#TheBlackHour Fights Gentrification By Promoting Happy Hours At Black-Owned Restaurants
Photo Credit: TN

Photo Credit: TN

#TheBlackHour Fights Gentrification By Promoting Happy Hours At Black-Owned Restaurants

black owned business , New York
Danielle Dorsey
Danielle Dorsey Jul 19, 2019

Since May, a Brooklyn-based group has been promoting happy hour events at Black-owned and POC-friendly bars under the hashtag #TheBlackHour in hopes of saving such establishments from spreading gentrification. 

The idea came from Addy Salau, an artist and the founder of Party Blackly, a media and event platform that increases audience engagement for up-and-coming Black artists. Salau launched the organization in 2018. It’s opening party brought together more than 700 Black New Yorkers for a screening of Marvel’s “Black Panther” film. The success of this event convinced Salau to use the same strategy for supporting local artists in her home borough of Brooklyn.

The first installation of #TheBlackHour was held in Prospect Heights at the Black-owned Ode to Babel bar, which was under threat of losing its liquor license due to a complaint that spread across the Next Door App. 

More than 75 people RSVP’d to the event, and Salau had to close the list to keep it under venue capacity.  A special tequila-based cocktail called “Black Joy” was crafted for the event while a local DJ spun a playlist dominated by local Black artists. Guests were issued wristbands that labeled them as “artist,” “activist,” or “entrepreneur” to encourage networking.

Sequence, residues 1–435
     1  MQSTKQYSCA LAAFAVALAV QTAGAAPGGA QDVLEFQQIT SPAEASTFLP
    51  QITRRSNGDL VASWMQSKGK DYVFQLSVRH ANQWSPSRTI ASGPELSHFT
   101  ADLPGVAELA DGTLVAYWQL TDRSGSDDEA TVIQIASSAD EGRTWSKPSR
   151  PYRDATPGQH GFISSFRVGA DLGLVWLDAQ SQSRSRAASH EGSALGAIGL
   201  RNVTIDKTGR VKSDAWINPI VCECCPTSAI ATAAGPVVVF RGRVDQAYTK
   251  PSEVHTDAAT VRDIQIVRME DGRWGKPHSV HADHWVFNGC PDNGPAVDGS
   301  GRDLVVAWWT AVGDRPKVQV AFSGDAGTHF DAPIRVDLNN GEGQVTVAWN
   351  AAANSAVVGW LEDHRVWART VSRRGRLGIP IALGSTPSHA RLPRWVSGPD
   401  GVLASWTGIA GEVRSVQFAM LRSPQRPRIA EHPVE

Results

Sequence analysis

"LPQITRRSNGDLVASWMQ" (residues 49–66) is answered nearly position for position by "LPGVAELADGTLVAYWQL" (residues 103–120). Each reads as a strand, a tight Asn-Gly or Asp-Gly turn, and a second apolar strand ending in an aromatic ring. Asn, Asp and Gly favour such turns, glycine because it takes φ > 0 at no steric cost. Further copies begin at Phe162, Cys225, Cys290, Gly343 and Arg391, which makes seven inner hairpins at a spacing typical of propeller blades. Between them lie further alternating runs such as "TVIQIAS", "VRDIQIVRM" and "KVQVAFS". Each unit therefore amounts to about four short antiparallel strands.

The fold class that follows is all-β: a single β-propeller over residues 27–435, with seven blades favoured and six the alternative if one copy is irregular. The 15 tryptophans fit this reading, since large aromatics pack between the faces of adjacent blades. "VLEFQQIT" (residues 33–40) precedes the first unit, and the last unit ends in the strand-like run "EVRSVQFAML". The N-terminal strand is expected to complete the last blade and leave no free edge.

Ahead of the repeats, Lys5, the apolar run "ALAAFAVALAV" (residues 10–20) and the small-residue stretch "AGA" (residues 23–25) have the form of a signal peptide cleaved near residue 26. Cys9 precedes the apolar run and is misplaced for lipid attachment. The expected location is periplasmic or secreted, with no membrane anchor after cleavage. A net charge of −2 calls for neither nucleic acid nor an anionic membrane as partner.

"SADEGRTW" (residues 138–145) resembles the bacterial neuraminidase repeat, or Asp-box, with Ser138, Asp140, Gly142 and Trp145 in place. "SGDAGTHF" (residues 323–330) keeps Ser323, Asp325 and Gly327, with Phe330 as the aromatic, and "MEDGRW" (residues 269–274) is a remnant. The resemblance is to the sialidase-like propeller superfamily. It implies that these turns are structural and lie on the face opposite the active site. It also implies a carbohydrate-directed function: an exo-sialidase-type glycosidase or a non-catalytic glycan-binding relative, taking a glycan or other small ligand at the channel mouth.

Just a few days after the event, the local community board received 180 letters defending Ode to Babel’s place in the community and decided to move forward with the bar’s liquor license renewal.

In 2018, Ode to Babel was subject to a city raid carried out under former Mayor Rudy Guiliani’s MARCH program. Such raids are random and unannounced, often leading to fines for petty violations. Another bill has been introduced by Brooklyn City Councilmembers Stephen Levin and Rafael Espinal that would force the Mayor’s office to issue quarterly reports on the MARCH raids that specify which businesses were targeted, what complaints led to the raids, and any resulting closures or summons. The councilmembers are hopeful that the bill will be passed this summer and force the NYPD to operate with more transparency. 

Salau plans to continue hosting #TheBlackHour events this fall and to increase the visibility of Black-owned bars across Brooklyn.